Plenty of gamers love the game of Minecraft. It’s a game of survival, but also one of creation and adventure. In it, you will make new discoveries in a new world. You will learn new things and experience new dangers as you build both your new home and your character. Interested? Let me give you a little tour.
When you start out, the first thing you need is shelter. You must find a suitable place within ten minutes and build on it because the world’s day cycle is twenty minutes long (ten minutes of daytime and ten minutes of night) and moonrise means monsters. Once you have a place, decide what you will build with. In the desert biome, all that’s available is sand, which doesn’t stick, so you might die by suffocation. In this case, I recommend you collect sand and build a pillar taller than twenty blocks. In this way, you can avoid the notice of other mobile creatures or “mobs”. This is a precarious safety, though. If one block is removed from your tower, by an Enderman for example, you will fall and take damage. There’s also the fact that some mobs (spiders), can climb. In the plains biome, there is plenty of dirt, which does stick. In this case, the best beginner home should be a large bubble of dirt. In the jungle, forest, swamp or snow biomes, however, you will find the best material possible: wood.
Your next priority after shelter is the creation of tools. The first tool you build should be a “craft table”. Craft tables require wood planks, which means you must harvest some wood. How do you do this without tools, you ask? Punch a tree. In Minecraft, you will harvest all your first resources this way. Place the logs you get in the 2×2 area in your inventory. They will be transformed into planks. One log equals four planks. Place one plank in each square of the 2×2 craft area in your inventory. The result will be a craft table. Unlike the craft area in your inventory, the craft table’s interface is 3×3 and allows for more creations.
Once you have your craft table and your shelter, you own the world. You can decide what will take the next priority. Prefer exploration or cartography? The world in which your character lives is diverse and unexplored. You can be the first to see and name its sights. Interested in architecture? Since Minecraft is a cube based world, all you need is some quadrille paper and you’ll soon have a binder filled with blueprints. Passionate about food storage and gardening? This world contains a wide variety of foodstuffs to experiment with. Like fulfilling quests and achievements? Minecraft has an achievement tree that pops up from time to time to let you know when you’ve accomplished a major milestone in the game. Some milestones can be difficult, but worth it. More interested in adventure and monsters? The world is full of monsters just waiting to take you on.
No matter what reason you’re interested in the game, the one thing you’ll need more than anything is tools. Even if you spawn near a village, your ability to buy things will be limited. Instead, you’ll make most things yourself, including your tools. Basic tools are the axe, the pickaxe, the shovel, the hoe, and the sword. Each tool’s use is self-explanatory. However, graduation to stronger materials means the tools work both faster and better. From wood, you’ll move to stone, then iron or gold, and, finally, if you find three or more, diamond. If you aren’t playing the game on the “peaceful” setting, you’ll also want to use these materials, except wood and stone, to make armor. Cheaper armor can be made with leather.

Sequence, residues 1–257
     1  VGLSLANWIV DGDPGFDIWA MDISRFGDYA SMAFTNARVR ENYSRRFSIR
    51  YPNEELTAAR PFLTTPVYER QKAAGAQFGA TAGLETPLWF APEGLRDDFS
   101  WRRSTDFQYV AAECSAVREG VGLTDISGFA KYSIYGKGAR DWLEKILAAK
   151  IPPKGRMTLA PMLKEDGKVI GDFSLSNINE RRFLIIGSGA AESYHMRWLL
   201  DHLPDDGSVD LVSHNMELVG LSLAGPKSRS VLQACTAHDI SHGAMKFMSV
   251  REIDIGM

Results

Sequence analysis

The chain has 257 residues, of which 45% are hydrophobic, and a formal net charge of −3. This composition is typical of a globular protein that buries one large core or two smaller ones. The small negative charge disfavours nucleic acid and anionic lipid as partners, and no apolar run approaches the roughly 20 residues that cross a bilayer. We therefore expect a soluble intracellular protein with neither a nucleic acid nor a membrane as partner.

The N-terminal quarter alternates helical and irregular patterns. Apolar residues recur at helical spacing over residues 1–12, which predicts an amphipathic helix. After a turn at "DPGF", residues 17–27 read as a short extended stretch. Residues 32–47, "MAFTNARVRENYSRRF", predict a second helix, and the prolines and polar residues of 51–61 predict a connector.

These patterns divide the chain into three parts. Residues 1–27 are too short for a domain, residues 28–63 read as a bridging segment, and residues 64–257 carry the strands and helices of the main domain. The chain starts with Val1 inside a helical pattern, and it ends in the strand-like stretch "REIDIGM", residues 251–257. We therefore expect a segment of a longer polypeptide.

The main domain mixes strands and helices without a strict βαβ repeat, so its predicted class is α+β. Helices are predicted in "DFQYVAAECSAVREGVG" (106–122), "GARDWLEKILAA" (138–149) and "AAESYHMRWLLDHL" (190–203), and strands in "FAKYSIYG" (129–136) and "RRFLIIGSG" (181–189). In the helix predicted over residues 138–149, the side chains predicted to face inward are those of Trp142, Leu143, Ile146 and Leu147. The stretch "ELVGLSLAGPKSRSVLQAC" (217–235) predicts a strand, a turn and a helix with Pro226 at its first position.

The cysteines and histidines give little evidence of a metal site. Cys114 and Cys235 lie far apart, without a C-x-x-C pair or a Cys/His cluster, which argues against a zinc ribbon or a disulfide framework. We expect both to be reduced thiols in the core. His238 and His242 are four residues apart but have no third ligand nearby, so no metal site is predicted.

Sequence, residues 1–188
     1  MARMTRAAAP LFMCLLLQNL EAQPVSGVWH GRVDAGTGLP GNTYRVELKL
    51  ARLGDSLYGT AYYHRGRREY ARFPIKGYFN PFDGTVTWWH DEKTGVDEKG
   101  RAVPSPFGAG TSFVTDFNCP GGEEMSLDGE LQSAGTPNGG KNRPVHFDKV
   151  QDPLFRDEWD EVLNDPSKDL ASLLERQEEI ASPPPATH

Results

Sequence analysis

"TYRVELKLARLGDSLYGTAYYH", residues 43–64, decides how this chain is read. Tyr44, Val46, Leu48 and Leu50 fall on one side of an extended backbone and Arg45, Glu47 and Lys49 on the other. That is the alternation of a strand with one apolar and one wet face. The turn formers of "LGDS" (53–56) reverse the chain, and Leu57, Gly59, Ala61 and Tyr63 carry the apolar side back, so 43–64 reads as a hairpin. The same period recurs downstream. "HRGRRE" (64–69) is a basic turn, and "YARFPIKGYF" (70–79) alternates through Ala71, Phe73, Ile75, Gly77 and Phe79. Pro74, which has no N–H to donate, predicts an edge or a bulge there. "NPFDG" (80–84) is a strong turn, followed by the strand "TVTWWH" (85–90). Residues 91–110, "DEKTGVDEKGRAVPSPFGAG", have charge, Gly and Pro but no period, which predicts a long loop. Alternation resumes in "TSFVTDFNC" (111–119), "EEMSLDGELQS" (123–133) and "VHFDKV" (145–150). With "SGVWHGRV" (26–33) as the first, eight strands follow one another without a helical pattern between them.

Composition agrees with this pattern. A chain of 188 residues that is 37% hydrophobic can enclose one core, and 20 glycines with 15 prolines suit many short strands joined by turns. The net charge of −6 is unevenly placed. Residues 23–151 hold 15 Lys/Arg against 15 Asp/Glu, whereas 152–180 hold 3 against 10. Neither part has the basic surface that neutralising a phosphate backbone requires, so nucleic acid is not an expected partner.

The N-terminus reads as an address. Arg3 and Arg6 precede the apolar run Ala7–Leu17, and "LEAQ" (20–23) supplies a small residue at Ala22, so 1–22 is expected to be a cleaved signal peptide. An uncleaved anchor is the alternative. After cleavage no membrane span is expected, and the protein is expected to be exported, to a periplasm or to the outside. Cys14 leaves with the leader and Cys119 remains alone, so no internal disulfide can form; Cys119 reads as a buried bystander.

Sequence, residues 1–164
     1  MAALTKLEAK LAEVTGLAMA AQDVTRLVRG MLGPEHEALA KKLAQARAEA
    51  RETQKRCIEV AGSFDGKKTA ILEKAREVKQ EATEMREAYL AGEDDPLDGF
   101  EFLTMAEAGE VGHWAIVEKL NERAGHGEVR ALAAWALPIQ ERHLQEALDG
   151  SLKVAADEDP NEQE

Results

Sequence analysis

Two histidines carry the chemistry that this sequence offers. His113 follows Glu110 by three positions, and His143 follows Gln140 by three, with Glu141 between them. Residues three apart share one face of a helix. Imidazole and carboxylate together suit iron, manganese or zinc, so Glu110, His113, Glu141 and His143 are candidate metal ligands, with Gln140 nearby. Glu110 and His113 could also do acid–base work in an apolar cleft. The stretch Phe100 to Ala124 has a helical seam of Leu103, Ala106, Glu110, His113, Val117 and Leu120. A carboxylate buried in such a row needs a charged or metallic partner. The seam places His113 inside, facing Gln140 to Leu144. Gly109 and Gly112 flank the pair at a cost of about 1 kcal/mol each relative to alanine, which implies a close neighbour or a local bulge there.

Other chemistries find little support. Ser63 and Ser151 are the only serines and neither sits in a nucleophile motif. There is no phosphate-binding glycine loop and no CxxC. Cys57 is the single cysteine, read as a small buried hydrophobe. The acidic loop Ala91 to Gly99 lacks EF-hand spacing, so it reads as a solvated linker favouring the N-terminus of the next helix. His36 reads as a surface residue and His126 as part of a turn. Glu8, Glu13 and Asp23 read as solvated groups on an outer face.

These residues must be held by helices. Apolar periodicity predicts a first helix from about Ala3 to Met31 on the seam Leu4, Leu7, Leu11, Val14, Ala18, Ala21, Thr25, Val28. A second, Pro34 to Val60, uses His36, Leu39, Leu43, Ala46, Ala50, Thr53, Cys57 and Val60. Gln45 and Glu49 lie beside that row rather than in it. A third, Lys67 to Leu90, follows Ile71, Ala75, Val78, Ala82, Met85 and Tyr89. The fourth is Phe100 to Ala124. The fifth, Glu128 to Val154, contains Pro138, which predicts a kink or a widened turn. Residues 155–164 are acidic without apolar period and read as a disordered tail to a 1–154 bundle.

Yes, hostiles aren’t the only mobs that exist in Minecraft. Peaceful mobs include cattle, pigs, sheep, horses and chickens, though more can be added with modification programs, or “mods.” Each of these mobs is useful for something. From cows you get milk, beef and leather. From pigs you get pork. From sheep there is wool. From chickens there are eggs, feathers and, of course, chicken. Horses are only useful for transportation more than anything else.
Along with regular contraptions, you can also build electrical gizmos. You do this through the use of “redstone,” a mine-able powder. Redstone lets you create the electrical power needed for powered gadgets, such as levers, pressure plates or even lights. With this ability, you can do things as complicated as build a trapped labyrinth or as simple as make a door open whenever you approach it.
There are also other worlds you can visit. The first of these will be the Nether. The Nether is completely underground. Everything burns there and there are plenty of dangerous monsters, many of which, like the Blaze, you must slay for item drops. Where water is common in the regular world, in the Nether, the common liquid is lava. In the Nether, water doesn’t exist, so, when you catch fire, the best way to quench it is soul sand.
The final other world you’ll visit is called the End. In order to reach it, you must kill Endermen and take their eyes. When these have been activated, they can lead you to a special temple which contains a portal to the End, where the Endermen are from and, more importantly, the Enderdragon. There is only one way out of the End. You must slay the Enderdragon. This mob is the only one of its kind in the game. Slain, it leaves a large fountain on which sits its egg. For the time being, the egg has no purpose save as a trophy of your victory over the Enderdragon. The fountain is your exit from the End. There’s more to it than that, but I don’t want to spoil it for you. However, Mojang Games is always updating this game. Who knows what wonderful things will be added next?
I have Princess to thank for my decision to write about Minecraft, of all things. The assignment was to write about something fast-paced and, as I was attempting to decide what to write about, Princess insisted that Minecraft was fast-paced enough for this if I handled it right. What do you think? Did I?